Pro forma invoice – what is it, and when is it issued in Bulgaria ?
The proforma invoice is a document we often see in business, but we do not always understand its full function and meaning. This document plays a key role in many commercial and financial processes and it is important to understand how to use it correctly
Initial definitions and key features
A proforma invoice is a preliminary invoice or quote that a company issues to its customer before the actual delivery of the goods or services has taken place. It serves to provide detailed information about the upcoming transaction, such as price, quantity, terms of delivery, etc.
It is important to note that the pro forma invoice is not an official document for binding payment. It provides information but does not constitute an obligation to pay on the part of the customer.
Why do companies use proforma invoices?
Proforma invoices are used by businesses for several reasons
- Setting expectations: They provide customers with a clear idea of what they can expect in the end result of the transaction.
- Basis for a contract: They can serve as a starting point for a contract between the seller and the buyer.
- Process facilitation: They help to make it easier to prepare the final invoice after the service has been performed or the goods delivered.
What information does the pro forma invoice contain?
It may contain different information, but usually includes the following basic elements
- Name and address of the seller and buyer.
- A description of the goods or services.
- Quantity and price.
- Total value of the transaction.
- Terms of delivery and payment.
- Date of issue and validity of the proforma.
Difference between proforma invoice and standard invoice?
Although both are invoices, there are key differences between them
- Legal value: a pro forma invoice has no legal value and cannot be used as proof of sale or as a basis for payment.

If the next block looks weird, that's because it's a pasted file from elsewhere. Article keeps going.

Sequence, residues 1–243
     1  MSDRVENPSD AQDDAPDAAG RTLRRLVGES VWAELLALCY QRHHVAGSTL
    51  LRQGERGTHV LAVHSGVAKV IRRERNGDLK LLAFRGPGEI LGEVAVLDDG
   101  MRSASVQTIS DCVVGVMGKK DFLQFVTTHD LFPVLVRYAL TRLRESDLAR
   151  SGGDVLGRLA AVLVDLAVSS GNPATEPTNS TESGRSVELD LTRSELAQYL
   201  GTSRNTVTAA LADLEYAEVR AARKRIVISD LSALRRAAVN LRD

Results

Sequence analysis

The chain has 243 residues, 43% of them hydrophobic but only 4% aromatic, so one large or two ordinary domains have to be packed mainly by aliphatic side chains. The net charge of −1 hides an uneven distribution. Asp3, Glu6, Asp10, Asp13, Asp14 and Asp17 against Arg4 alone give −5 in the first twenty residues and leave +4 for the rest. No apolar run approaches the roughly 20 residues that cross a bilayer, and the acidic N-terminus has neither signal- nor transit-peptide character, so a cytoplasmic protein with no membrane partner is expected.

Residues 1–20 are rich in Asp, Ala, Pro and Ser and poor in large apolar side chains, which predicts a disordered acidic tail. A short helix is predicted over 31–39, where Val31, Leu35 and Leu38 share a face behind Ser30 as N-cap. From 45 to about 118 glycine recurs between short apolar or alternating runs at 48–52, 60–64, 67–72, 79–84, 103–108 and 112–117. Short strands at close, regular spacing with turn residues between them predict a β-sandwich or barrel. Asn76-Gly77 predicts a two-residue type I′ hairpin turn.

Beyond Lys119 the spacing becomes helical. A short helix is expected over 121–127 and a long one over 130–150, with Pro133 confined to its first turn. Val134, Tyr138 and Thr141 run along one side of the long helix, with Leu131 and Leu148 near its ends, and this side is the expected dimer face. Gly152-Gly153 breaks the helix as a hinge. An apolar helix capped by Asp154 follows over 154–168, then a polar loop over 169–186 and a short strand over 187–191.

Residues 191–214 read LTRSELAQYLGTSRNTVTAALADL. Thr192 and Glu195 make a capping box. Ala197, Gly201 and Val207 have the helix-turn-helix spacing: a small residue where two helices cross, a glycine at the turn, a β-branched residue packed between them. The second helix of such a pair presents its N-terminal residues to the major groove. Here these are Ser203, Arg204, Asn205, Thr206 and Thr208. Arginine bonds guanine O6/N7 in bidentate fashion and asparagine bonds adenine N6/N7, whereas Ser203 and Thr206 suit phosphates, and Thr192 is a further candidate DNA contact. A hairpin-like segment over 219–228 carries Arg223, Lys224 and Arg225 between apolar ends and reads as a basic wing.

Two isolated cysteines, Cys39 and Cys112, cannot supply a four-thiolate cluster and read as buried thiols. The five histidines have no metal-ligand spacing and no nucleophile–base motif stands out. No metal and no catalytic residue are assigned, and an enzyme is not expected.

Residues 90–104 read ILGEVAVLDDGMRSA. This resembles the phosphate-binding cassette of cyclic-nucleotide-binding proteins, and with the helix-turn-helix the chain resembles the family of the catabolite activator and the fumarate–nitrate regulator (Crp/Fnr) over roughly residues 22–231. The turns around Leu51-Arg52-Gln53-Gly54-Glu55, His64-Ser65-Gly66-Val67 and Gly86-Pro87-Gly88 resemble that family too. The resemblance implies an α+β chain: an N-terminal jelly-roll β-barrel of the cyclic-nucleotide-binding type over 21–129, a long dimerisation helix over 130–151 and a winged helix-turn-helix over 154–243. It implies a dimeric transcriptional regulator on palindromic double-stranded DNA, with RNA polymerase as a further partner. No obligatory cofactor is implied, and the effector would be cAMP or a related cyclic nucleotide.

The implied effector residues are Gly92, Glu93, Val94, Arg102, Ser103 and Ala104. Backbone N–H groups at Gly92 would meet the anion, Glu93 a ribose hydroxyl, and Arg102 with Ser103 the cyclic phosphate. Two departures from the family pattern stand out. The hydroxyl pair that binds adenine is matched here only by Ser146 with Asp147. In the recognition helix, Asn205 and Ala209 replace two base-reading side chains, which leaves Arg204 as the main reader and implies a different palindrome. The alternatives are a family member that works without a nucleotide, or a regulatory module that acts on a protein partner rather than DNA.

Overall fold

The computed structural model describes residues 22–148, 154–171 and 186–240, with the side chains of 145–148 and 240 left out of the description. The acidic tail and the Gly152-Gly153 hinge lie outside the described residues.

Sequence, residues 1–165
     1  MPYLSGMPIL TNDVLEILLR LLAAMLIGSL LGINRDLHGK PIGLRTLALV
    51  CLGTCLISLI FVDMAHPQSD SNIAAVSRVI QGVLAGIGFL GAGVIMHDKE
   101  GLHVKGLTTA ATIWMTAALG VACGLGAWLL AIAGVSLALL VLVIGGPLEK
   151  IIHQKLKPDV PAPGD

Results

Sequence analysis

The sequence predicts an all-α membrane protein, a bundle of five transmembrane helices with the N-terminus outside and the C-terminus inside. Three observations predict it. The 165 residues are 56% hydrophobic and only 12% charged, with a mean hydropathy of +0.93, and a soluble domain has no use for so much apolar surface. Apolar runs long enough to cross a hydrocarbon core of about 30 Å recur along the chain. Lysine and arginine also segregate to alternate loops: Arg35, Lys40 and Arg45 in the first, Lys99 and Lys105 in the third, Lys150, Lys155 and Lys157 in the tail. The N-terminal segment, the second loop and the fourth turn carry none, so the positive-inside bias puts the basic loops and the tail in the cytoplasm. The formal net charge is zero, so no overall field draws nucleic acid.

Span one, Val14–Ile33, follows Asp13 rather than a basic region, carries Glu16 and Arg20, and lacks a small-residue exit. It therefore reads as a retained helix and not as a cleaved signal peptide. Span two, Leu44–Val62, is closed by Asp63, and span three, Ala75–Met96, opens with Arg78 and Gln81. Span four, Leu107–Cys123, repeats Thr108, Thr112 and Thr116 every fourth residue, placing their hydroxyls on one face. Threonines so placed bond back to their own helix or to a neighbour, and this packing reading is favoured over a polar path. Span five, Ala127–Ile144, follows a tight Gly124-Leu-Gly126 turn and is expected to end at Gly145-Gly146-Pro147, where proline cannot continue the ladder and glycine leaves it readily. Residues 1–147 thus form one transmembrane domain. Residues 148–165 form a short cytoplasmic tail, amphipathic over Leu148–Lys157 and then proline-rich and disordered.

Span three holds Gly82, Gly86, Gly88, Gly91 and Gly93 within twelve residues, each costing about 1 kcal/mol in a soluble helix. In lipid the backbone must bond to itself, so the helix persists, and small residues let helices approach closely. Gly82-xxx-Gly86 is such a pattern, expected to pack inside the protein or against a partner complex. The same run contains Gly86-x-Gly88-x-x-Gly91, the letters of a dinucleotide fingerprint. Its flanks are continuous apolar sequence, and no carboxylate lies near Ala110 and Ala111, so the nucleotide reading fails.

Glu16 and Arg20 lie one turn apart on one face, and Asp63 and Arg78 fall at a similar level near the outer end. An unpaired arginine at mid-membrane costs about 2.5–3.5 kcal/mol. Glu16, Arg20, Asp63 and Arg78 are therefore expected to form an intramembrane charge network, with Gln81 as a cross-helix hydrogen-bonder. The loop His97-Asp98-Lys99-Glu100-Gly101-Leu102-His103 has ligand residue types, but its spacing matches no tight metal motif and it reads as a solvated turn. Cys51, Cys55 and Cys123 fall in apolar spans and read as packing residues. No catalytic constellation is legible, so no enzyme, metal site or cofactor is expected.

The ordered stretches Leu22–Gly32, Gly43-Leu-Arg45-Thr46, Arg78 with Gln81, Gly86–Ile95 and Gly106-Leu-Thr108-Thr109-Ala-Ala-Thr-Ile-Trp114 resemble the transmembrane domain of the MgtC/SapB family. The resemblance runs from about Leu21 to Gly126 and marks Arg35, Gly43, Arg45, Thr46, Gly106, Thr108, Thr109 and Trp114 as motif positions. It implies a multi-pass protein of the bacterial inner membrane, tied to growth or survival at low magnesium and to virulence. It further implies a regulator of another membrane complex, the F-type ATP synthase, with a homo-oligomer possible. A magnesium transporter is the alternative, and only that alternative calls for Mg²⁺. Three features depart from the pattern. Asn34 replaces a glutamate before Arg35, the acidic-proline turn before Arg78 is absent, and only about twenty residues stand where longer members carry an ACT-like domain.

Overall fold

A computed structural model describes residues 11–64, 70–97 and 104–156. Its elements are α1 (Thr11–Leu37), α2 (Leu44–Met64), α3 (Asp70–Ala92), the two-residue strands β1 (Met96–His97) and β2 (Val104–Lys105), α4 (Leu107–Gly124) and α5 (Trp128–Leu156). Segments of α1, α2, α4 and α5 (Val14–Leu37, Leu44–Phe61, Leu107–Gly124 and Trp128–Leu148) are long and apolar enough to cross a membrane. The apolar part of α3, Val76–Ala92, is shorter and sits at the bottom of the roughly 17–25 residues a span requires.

- Purpose: A standard invoice is issued after a transaction has taken place and serves as confirmation of the sale, whereas a pro forma invoice is an offer to transact.
- Period of validity: The pro forma invoice usually has a certain period of validity, after which it loses its validity.
When should a pro forma invoice be issued?
This document is issued in several cases
- When the customer wants preliminary information about the price and terms of the transaction.
- In international transactions, when information needs to be provided to customs or other regulatory authorities.
- When the seller wants to confirm the details of the transaction before proceeding.
Using a pro forma invoice in electronic format
In the digital age we live in, more and more businesses are choosing to use proforma invoices in electronic format. This provides a number of benefits, such as speeding up communication, reducing the chance of data entry errors and making archiving and tracking easier. Electronic proforma invoices also reduce printing and mailing costs and contribute to a more efficient and sustainable business model.
Possible problems and precautions
Despite the benefits of pro forma invoices, businesses need to be careful and take the necessary measures to avoid potential problems. For example, confusion can arise between a pro forma and final invoice, which can lead to misunderstandings in payments. To avoid such situations, it is important that documents are clearly labelled and communicated regularly with customers. Also, businesses should ensure that all information on the pro forma invoice is accurate and up-to-date to prevent any disputes or discrepancies in the future.
In conclusion, a pro forma invoice is an important tool in business that helps to improve communication between parties and keep transactions running smoothly. Although it has no legal value, it plays a key role in the preliminary phase of many commercial transactions.